Dual Head, Multi-monitor

If you have two monitors attached to your computer then the setup is called dual head, the generic term for any number of monitors is multi-monitor.

This setup useful if a single monitor is not enough to show all needed windows at one. I use this setup for development where on the primary screen I have an editor or IDE running and on the second I have IRC chat, documentation, running virtual machines, etc… so I do not need to switch windows to see them.

But in this setup both monitors can used only one person at the same time.

Dual Seat or Multi Seat

If you have two monitors what about attaching one more keyboard and mouse and “split” the computer in half and have independent sessions for each user? That setup is called dual seat or multi seat in general.

Linux is a multi user systems from the very beginning. But normally these users either work remotely or they simply share one seat and need to cooperate who will use the computer when.


For this multi seat solution you need a separate graphics adapter for each seat. Fortunately to to save some money you can combine discrete graphics cards with an integrated one. In my case I used an integrated Intel graphics adapter and a discrete AMD Radeon card.

If you use an integrated card you might need to enable the multi graphics support in BIOS because usually when a discrete graphics card is found the integrated one is disabled. In my case I had to enable the Multi-Monitor option in the BIOS:

BIOS settings


I wanted to configure a multi seat already in the past, but it was really complicated. I would have to tweak the X.org config manually and there were lots of hacks.

But actually it turned out that using a modern Linux distribution like openSUSE Leap 15.0 makes this very easy!

Using the loginctl Tool

As in almost all modern Linux distributions also in the openSUSE Leap 15.0 the console is managed by the systemd login manager. To interact with it from the command line you can use a tool called loginctl.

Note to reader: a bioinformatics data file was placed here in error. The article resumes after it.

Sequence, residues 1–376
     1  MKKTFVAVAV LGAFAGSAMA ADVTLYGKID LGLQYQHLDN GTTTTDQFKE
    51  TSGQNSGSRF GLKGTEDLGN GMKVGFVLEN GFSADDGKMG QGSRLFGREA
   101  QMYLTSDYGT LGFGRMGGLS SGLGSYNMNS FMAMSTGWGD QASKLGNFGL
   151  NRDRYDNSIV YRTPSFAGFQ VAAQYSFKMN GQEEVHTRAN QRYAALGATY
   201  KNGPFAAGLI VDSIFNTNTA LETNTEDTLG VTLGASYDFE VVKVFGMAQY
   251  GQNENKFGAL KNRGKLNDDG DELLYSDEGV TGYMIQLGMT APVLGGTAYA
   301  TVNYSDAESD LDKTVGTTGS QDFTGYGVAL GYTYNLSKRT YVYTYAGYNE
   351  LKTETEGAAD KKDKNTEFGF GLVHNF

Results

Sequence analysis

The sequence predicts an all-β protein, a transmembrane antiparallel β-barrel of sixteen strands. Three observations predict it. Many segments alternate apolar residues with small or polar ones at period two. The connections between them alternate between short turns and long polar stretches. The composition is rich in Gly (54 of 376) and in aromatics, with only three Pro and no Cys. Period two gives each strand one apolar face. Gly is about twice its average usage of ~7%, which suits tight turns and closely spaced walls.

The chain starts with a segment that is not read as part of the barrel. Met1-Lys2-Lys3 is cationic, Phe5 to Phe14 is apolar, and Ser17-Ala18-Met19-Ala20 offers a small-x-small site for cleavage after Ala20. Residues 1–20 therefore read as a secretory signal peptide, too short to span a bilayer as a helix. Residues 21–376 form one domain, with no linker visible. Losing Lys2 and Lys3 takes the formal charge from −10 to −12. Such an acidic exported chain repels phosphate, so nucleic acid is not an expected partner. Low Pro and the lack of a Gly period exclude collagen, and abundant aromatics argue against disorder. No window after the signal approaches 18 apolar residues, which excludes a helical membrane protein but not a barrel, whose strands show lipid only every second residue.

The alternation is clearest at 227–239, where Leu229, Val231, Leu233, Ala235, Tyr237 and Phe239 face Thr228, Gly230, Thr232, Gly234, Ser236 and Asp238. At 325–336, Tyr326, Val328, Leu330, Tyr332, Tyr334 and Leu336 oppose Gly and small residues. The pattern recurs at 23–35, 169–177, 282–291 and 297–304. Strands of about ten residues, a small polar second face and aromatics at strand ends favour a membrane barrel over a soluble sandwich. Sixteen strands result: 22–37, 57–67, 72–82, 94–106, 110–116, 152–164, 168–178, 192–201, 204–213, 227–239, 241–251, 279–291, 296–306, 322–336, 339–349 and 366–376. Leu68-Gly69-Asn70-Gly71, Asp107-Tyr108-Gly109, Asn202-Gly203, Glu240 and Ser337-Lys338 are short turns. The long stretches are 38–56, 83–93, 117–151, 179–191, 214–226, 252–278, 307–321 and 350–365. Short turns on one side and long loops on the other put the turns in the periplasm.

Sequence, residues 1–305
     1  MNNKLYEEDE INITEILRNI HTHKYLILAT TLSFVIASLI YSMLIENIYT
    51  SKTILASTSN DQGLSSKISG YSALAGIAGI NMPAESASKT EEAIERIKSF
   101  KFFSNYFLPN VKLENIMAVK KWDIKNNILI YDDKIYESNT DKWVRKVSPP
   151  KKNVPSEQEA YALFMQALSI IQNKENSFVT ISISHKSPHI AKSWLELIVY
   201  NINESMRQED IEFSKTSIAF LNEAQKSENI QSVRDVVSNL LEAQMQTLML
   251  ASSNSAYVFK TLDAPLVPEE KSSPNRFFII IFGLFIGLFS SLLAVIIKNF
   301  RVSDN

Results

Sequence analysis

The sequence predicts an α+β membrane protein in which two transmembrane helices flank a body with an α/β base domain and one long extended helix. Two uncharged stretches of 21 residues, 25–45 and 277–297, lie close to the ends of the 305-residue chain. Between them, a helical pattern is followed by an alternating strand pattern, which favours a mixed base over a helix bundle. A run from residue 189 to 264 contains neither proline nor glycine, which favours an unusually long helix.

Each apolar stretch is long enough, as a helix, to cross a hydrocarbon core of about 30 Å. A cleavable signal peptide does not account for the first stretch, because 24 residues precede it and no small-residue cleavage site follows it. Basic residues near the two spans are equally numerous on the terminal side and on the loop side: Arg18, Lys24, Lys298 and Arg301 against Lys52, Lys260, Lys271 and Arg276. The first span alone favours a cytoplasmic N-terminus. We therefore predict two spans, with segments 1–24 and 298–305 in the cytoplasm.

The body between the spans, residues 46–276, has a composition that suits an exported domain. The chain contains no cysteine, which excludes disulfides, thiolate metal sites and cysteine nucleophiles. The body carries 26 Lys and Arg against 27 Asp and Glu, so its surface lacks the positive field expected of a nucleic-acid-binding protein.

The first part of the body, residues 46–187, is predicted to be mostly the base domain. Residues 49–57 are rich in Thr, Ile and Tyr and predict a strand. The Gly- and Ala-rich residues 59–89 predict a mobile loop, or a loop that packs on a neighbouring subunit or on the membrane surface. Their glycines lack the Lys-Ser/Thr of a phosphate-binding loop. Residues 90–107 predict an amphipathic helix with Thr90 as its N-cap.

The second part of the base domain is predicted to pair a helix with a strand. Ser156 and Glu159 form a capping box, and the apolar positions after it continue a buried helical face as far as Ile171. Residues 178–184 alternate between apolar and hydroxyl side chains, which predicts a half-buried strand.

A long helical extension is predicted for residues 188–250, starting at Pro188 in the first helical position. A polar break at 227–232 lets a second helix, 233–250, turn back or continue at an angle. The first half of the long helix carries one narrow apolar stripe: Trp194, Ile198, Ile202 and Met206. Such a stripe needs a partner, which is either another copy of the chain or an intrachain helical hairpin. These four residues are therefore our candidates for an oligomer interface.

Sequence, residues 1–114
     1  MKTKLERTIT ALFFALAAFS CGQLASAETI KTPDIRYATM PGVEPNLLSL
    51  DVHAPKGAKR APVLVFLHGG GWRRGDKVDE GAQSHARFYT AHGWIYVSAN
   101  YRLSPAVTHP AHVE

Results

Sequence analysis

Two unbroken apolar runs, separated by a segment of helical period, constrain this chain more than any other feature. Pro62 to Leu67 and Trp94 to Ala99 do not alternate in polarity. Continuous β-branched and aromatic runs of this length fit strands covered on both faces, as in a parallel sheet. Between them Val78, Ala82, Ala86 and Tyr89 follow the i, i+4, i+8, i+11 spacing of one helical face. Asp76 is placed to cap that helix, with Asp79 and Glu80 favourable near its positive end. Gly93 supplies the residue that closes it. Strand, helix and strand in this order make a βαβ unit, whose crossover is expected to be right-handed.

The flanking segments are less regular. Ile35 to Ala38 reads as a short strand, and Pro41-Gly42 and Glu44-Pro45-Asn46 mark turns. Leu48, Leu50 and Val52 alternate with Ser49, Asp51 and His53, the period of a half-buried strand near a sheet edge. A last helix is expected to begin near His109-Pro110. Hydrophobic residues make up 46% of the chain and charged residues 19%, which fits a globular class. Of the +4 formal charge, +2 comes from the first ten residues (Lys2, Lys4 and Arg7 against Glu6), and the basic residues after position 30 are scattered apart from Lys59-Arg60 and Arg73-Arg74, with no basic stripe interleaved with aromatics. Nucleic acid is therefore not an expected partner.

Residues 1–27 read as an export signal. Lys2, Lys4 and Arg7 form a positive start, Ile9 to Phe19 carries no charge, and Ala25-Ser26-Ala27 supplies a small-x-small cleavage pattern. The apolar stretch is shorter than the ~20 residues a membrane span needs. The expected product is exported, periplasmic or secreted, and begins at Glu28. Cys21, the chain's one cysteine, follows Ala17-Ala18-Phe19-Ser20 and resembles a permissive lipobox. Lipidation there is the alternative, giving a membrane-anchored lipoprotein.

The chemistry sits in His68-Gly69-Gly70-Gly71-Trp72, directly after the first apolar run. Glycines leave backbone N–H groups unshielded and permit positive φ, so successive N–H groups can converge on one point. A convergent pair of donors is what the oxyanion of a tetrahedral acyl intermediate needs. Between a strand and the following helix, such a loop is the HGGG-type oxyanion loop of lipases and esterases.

It can handle the sessions, seats and users. Let’s see which seats are defined by default:

# loginctl list-seats

1 seats listed.

Now we can list all hardware devices assigned to that seat:

# loginctl seat-status seat0 
        Sessions: *5
                  │ input:input1 "Power Button"
                  │ input:input2 "Video Bus"
                  │ input:input0 "Power Button"
                  │ [MASTER] drm:card0
                  │ ├─/sys/devices/pci0000:00/0000:00:01.0/0000:01:00.0/drm/card0/card0-DP-1
                  │ │ [MASTER] drm:card0-DP-1
                  │ ├─/sys/devices/pci0000:00/0000:00:01.0/0000:01:00.0/drm/card0/card0-DVI-D-1
                  │ │ [MASTER] drm:card0-DVI-D-1
                  │ └─/sys/devices/pci0000:00/0000:00:01.0/0000:01:00.0/drm/card0/card0-HDMI-A-3
                  │   [MASTER] drm:card0-HDMI-A-3
                  │ drm:renderD128
                  │ [MASTER] graphics:fb0 "amdgpudrmfb"

Obviously all are devices are assigned to the only seat defined in the system.

Creating a New Seat


The configuration is persistent, the attached devices are remembered and automatically set after reboot. You do not need to assign the devices after each reboot.


There is one drawback of enabling the multi seat feature - the multi head setup does not work anymore. :worried:

To make it work back you would have to reconnect the monitors back to the same card and move the assigned devices back to the original seat. That’s quite annoying but you could possibly automate the monitor connection by and automatic HDMI switch if you use HDMI (or DVI) for connecting the monitors.

The Use Case: Minecraft! :smiley:

To avoid arguing who will play Minecraft right now you can simply enable running two Minecrafts in separate sessions!

Two Minecrafts at one computer!

It’s not obvious from the picture, but there is only one computer below the table!